Nvidia to Acquire Arm from SoftBank for $40B

Issue 36

09.14.20 - Nvidia is moving to acquire Arm for $40 billion. One of SoftBank’s best investments is about to come into maturity. Arm is the most important designer of processors in smart mobile devices and is quickly gaining a footprint in other areas. Got an iPhone, you use Arm. Got a Samsung, Arm. Arm designs the leading architecture for CPUs.

It competes with Intel’s architecture and clashes with AMD in some of its other offerings. Nvidia is AMD’s chief competitor. It is the leader in the GPU space and virtually holds a monopoly with its CUDA computing platform. It’s machine learning library TensorFlow which is a convolutional neural network is also one of the most advanced in its space. This deal is expansionary and would diversify Nvidia. These two companies coming together would create a processing architecture & artificial intelligence powerhouse that would be second to none.

The deal has a multipart structure of cash and stock, it’s designed so that SoftBank can still capture high upside growth that SoftBank plays for and enough cash to pad some of its Vision Fund loses. SoftBank will receive $2 billion in cash on the offset of signing the deal, then another $10 billion in cash, and $21.5 billion in Nvidia stock at closing.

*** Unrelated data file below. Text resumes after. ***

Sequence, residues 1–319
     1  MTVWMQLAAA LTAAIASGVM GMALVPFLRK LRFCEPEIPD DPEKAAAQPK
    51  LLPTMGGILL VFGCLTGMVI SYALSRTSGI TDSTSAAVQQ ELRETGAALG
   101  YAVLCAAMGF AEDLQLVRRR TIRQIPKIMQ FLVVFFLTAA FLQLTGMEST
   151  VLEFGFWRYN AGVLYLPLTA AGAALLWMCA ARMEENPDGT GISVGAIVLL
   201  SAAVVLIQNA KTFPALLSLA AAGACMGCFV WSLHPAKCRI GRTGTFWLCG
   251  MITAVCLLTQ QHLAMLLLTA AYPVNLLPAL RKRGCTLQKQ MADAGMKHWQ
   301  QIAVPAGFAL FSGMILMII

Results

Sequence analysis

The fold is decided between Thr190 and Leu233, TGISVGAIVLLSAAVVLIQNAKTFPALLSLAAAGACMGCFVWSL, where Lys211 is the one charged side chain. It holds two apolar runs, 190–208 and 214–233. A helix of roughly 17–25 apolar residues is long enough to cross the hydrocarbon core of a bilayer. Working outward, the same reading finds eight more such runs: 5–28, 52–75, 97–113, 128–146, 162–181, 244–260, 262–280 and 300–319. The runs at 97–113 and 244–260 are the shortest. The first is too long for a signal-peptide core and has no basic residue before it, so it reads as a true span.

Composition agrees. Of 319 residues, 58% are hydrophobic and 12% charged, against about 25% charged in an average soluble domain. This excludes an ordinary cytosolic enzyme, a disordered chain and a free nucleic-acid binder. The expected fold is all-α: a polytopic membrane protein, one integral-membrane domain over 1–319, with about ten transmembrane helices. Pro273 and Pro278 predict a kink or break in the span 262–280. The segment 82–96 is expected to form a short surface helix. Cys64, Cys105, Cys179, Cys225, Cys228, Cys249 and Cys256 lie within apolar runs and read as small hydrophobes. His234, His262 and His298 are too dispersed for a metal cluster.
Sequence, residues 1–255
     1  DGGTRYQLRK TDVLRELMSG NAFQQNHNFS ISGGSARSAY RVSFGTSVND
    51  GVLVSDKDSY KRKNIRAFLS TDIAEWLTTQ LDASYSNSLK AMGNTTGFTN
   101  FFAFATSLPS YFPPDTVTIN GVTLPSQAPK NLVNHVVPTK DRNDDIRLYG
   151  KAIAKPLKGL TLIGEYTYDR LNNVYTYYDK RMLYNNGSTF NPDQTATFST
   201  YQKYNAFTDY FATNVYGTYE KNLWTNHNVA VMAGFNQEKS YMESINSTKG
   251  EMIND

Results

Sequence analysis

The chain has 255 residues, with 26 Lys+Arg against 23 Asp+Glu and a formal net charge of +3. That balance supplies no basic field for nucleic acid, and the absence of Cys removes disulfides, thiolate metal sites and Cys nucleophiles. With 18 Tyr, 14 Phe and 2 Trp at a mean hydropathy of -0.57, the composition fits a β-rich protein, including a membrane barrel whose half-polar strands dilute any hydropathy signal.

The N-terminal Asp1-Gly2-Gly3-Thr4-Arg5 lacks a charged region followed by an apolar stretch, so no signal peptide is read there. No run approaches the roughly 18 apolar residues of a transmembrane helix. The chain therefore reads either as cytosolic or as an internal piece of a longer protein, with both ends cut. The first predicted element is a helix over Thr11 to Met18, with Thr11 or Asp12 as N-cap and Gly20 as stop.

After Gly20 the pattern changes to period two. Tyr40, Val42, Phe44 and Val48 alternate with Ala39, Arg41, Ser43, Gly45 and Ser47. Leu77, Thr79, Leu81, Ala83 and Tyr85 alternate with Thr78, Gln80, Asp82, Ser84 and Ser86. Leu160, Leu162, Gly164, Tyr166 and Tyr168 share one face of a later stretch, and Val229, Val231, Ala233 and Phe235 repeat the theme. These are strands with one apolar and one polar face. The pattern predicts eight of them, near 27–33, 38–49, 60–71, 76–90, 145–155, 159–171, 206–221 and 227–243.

This will give SoftBank roughly a 10% stake in Nvidia as well as an additional $5 billion in cash and stock as a performance-based payout. Arm employees will receive $1.5 billion in equity compensation. SoftBank bought Arm in 2016 for $32 billion. The Japanese conglomerate stands to make over $6.5 billion on its investment.

The acquisition does present challenges, Nvidia is a California based company, ARM is based in the UK, with operations in China and the EU. The cross-border ownership structure and the potential antitrust scrutiny may potentially delay or even stop the deal. Nvidia has pledged to expand its presence and double down on the UK and make its UK footprint a core part of its engineering operations.

It has stated that it seeks to further make Arm’s Cambridge operations as a global leader in AI research. US regulators may potentially ignore antitrust concerns in efforts to gain further leverage over China. However, it is expected that other technology firms may mount substantial lobbying efforts to prevent this deal from going through as they stand to lose massively over the coming decade in the shadow of a combined Arm and Nvidia.

Source: Brookfield Brief